"Lactation behavior of early hominin, which has been advanced as a versatile adaptive trait to survive challenging ecological niches, could be one of the key features distinguishing Homo from the other hominins," said Dr. Renaud Joannes-Boyau from Southern Cross University.

Dr. Joannes-Boyau explained the confusion around the three genus is because Homo, Australopithecus and Paranthropus were all living at the same time in the same area of southern Africa.

"Australopithecus is likely the ancestor of both Homo and Paranthropus," he said.

"The variation is very minimal between the two but there are some important changes that happens with Homo that makes us so successful that we evolved to over-compete and overtake all the different species.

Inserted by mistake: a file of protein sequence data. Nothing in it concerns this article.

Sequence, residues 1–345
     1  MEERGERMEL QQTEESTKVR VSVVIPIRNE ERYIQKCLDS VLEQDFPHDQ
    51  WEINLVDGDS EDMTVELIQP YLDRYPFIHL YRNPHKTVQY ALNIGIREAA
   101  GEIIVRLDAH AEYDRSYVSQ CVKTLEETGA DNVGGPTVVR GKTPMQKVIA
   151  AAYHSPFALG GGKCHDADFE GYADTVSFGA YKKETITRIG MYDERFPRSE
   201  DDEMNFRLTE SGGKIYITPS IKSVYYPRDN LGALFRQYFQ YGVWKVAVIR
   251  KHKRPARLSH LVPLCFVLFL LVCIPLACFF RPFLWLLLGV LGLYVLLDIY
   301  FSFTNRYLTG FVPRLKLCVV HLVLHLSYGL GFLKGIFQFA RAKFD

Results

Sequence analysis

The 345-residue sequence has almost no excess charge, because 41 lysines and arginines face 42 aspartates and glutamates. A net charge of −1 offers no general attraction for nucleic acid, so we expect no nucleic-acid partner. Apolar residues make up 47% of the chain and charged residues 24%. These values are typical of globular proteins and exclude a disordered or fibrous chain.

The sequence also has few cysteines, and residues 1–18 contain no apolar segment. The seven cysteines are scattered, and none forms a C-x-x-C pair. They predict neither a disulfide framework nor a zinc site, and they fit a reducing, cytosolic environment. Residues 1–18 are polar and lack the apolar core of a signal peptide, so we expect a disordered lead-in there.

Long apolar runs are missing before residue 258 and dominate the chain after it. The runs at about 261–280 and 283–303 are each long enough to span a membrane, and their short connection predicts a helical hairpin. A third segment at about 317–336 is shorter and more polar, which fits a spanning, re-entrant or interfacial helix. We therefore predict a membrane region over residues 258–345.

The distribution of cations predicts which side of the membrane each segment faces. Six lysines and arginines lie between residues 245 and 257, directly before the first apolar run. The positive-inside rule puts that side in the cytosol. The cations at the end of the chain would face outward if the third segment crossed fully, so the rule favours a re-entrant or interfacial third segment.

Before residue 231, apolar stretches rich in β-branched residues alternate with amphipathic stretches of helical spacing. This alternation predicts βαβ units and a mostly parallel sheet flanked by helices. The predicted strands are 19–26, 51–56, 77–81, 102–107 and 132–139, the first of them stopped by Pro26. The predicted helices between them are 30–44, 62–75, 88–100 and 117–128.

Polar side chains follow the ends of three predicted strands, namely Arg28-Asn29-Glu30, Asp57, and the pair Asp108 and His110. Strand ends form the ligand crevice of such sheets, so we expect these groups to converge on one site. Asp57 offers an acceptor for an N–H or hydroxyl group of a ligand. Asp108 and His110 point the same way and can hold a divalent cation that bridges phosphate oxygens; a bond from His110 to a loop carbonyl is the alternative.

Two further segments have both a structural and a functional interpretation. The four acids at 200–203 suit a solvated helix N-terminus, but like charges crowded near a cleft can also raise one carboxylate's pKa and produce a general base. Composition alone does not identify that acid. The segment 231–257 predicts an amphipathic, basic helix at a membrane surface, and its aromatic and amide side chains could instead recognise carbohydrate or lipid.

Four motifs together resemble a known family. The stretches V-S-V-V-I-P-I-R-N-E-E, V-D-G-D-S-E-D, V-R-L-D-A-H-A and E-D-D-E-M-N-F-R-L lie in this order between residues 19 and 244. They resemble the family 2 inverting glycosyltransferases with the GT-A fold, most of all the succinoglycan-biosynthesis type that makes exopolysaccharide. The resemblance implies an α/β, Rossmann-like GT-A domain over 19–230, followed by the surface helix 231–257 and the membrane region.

"Geochemical analysis of the anatomy indicates there is nothing fundamentally different between the genus so it must be something in the behavior of Homo that allowed the earliest humans to advance."

More information: Clément Zanolli et al, Dental data challenge the ubiquitous presence of Homo in the Cradle of Humankind, Proceedings of the National Academy of Sciences (2022). DOI: 10.1073/pnas.2111212119

Provided by Southern Cross University

Citation: Fossil tooth analysis brings to light earliest humans from southern Africa (2022, July 14) retrieved 19 April 2024 from